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  1. Today
  2. That shows that ARM is not a dedicated startup program! I bet it is launched when you start Reader or Acrobat. It phones home, so to speak, to see if any new builds are available. Try starting Reader and then check Task Manager. Click on the Processes tab to see if you find anything in "Background processes" related to ARM.
  3. Ritchie, I am pretty sure I am doing that. See pic below. "File Path" is listed on the right. Unless I am missing something. When I type in the path it said file can not be found (I think it is because it is in quarantine). Now I can restore it and the file will be there. But then I just put back a potential virus, right? Is there a better way? Or am I missunderstanding what you are saying. Regarding unchecking adobeARM.ex. I went into Task Manager. I went into startup and got this (see pic) I don't see adobeARM.exe. Any suggestions??? I guess it is not that important if we still think it is not a virus but still like to know what is going on. Is it as simple as adobe is trying to look for updates at every startup and Immnet is blocking it and adobe tries again and load more files at the next startup. But if that is the case sure like to know how to turn of adobe looking for update if that is what is happening.
  4. Under those circumstances it would be nice if Immunet had a Copy & Paste feature for quarantined files. This idea to include this feature in a future build has been suggested in the past actually. What you could do is click on the word Quarantine located below & to the right of the History tab on the UI and in the right side Details dialog box write down the exact malware definition name & file path for the file(s) in question & manually type it in. Here's how to disable AdobeARM with Win 10. Click on the Search app -> type exactly msconfig in the Search bar and click on the System Configuration app to launch msconfig.exe -> click on the Startup tab, depending on your version of Win 10 you may be directed to Task Manager to do this -> uncheck any file names that end in adobeARM.exe -> click Apply -> reboot your computer and that should disable ARM. Just don't forget to check for any new builds for Adobe Reader or Acrobat Manager from time to time & manually update yourself. That is important as new builds can sometimes contain security/exploit vulnerability fixes Cheers, Ritchie...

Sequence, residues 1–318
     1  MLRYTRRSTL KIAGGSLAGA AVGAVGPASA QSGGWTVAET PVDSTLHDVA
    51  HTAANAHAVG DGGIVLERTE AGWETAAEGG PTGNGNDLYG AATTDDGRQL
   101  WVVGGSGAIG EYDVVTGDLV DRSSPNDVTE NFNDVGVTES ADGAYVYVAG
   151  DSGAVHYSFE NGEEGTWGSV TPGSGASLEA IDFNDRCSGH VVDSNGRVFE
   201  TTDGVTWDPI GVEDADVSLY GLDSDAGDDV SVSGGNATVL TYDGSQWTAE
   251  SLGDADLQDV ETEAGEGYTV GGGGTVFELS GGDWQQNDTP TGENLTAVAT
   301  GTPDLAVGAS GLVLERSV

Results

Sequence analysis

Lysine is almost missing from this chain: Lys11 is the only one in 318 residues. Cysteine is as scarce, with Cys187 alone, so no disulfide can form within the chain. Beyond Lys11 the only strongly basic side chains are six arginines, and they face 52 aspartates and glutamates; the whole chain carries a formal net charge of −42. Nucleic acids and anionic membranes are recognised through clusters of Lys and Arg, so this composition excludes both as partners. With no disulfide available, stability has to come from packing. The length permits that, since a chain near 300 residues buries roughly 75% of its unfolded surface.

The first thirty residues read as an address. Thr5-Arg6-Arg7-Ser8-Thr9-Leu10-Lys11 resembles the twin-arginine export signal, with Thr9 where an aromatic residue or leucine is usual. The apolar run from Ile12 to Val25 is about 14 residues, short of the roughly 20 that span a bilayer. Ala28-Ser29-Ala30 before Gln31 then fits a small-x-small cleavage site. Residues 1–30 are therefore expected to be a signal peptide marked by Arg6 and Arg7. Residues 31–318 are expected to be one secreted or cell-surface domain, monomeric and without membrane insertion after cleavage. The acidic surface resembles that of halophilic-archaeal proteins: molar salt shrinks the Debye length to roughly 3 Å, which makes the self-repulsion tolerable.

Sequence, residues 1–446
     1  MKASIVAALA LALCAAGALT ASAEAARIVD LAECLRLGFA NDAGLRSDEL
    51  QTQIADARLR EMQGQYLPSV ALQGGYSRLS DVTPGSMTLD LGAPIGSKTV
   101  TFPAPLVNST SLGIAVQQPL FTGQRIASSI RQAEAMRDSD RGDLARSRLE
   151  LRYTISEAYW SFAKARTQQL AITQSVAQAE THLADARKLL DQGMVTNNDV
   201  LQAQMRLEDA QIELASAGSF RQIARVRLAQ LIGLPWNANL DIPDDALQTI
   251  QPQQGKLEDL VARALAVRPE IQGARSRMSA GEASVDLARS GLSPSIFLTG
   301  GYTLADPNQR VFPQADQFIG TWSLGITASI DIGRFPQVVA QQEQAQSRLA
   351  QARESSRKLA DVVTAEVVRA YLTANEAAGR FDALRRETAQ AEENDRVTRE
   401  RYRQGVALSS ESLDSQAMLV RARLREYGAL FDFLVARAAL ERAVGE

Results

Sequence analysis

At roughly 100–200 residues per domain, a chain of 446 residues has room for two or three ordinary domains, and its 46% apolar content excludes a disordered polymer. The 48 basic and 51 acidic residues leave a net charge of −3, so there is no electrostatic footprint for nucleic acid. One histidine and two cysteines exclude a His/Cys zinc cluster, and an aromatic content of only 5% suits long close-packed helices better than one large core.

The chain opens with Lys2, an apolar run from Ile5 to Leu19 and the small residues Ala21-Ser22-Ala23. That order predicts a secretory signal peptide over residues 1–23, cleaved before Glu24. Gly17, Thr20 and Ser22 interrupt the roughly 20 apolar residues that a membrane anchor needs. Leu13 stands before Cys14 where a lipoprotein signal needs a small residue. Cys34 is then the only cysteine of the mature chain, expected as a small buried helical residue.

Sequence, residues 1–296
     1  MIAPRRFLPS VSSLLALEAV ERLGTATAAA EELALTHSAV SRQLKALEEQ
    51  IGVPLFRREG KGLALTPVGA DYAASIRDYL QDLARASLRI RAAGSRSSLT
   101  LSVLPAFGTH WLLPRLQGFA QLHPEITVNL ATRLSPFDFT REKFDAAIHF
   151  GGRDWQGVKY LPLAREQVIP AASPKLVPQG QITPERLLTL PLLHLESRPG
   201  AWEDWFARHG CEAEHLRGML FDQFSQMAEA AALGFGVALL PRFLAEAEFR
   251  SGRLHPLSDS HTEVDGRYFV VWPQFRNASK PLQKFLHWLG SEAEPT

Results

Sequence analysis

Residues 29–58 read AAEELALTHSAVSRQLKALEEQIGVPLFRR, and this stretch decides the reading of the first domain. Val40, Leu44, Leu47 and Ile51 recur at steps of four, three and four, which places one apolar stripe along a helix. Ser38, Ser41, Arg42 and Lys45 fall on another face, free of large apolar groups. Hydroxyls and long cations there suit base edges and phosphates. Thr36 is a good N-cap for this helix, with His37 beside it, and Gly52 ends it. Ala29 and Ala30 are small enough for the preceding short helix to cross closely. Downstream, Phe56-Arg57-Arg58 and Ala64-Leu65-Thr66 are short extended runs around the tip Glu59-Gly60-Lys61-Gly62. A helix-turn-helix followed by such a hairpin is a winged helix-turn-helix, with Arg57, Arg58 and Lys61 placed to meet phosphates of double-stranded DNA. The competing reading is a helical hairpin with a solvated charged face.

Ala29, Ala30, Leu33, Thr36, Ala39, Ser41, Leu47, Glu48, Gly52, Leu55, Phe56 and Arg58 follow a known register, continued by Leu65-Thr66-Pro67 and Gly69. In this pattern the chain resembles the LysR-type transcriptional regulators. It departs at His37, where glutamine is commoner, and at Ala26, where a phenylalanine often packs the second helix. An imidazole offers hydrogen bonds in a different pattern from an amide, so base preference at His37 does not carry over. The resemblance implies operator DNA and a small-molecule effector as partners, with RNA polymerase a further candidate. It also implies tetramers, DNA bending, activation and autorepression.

5. Yesterday
  6. Thanks Scats and ritchie58. Two new files were flag today at startup the are the same type or same configurations as I mention before. Also what is the best way to get a file that is already in immunet quarantine to load in either virustotal.com or http://www.clamav.net/contact because if it is in quarantine I don't see the file in my file path folder anymore (I can restore it but then I may have release a potential virus). Also can you folks point me to an article on how to change to abode and Acrobat Manager manual update. thanks
  7. Thanks ritchie! Tankace, Thanks for the pic unload from VT. Since no other AVs have flagged it I would agree with ritchie and say it's a FP. I wish immunets FP upload was working:( Stay safe.
  8. Hi tankace, I deleted your topic in the General section of the forum. Please refrain from posting duplicate topics in different locations as it's against forum rules. No biggie though & with that said... Ordinarily I would recommend you submit those files to Immunet's False Positive URL but to my knowledge it's still not functional at this time. One option at your disposal & since it's a ClamAV detection would be to submit your findings directly to the folks at ClamAV at this URL. http://www.clamav.net/contact Scats's idea to use Virustotal to check the files & you adding the screen grabs was a good one! I would venture to guess these are False Positives. AdobeARM is used for auto-updating Adobe Reader & Acrobat Manager but if you 'manually update' to new builds yourself (which I would recommend) you really don't need to use ARM anyway. Best wishes, Ritchie....